The development and evaluation of an HPLC method of analysis for nicotine and its major metabolites in urine
This dissertation details the development and evaluation of
an HPLC method of analysis for nicotine and the metabolites cotinine,
nicotine-1'-N-oxide and 3' hydroxycotinine in urine samples.
The significance of nicotine, its absorption, metabolism and
excretion in man and other animals have been described in Chapter 1.
Chapter 2 deals with the development of the HPLC method of analysis
using both isocratic and gradient elution with W detection. A
selection of packing materials/mobile phases covering different
retention mechanisms was investigated. A separation of nicotine,
cotinine, nicotine- 1'-N-oxide and 3' hydroxycotinine and two chromatographic
standards, N' acetyl nornicotine and 2-methyl-6-(3-pyridyl)-
tetrahydro-(1,2)-oxazine was achieved on a Resolve C18 5μ radially
packed cartridge using gradient elution under reverse phase partition
conditions. N' acetyl nornicotine was later discarded in favour of
2-methyl-6-(3-pyridyl)-tetrahydro-(1,2)-oxazine which could be used
as an internal standard.
The statistical analysis of the instrument response to nicotine
and its metabolites in standard solutions was examined in Chapter 3-
A comparison of the measurement parameters peak height and peak area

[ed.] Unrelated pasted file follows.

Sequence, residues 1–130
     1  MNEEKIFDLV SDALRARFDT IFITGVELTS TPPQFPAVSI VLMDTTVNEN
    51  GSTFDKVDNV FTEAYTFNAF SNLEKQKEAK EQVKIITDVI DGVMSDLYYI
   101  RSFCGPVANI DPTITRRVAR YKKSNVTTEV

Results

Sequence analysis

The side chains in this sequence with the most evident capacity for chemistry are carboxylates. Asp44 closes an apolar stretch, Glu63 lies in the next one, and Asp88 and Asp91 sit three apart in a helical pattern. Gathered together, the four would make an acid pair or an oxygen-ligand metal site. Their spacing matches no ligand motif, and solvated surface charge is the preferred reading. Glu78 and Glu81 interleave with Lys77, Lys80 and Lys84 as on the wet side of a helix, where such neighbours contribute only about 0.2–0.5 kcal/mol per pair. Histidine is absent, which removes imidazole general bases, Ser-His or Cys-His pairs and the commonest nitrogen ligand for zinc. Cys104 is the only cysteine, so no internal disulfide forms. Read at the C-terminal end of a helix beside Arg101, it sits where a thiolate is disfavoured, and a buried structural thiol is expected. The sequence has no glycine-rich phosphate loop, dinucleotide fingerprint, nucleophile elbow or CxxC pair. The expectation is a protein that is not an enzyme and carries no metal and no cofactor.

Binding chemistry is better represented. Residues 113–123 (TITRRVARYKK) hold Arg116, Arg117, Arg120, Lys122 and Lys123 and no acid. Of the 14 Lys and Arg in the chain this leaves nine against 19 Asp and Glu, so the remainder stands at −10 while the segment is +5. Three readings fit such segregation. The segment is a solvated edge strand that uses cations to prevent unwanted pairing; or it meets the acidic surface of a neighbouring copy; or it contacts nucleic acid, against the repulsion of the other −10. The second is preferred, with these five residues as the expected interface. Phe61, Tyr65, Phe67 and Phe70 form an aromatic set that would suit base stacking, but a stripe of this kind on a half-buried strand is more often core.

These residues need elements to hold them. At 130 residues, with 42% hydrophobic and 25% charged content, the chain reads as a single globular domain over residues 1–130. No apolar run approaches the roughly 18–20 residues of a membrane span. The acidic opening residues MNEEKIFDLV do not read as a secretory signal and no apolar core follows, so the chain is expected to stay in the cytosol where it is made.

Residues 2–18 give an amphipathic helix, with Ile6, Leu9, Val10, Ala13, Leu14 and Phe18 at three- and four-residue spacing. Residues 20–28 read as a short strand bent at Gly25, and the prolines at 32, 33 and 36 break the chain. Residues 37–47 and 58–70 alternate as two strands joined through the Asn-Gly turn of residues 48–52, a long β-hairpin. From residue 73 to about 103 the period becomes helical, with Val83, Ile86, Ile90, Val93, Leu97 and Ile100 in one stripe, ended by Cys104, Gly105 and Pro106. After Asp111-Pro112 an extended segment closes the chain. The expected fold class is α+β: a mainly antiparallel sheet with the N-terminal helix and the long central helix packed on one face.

was made. Within-run and between-run precision were calculated.
Calibration curves were constructed with Working-Hotelling 95%
confidence bands and 95% confidence bounds for 90% of future
observations. The limit of detection values were also statistically
calculated. Precision was found to be low for some of the components
and this was reflected in unacceptably high values of the limit of
The clean-up of urine samples and the extraction of the components
of interest were investigated in Chapter 4. Clean-up and extraction
proved to be very difficult and analyses of smokers' urine samples
underlined the need for an effective clean-up procedure, efficient
chromatography and a sensitive and selective method of detection.
It was concluded that the developed HPLC method of analysis was
inadequate for quantitative analysis of nicotine and its metabolites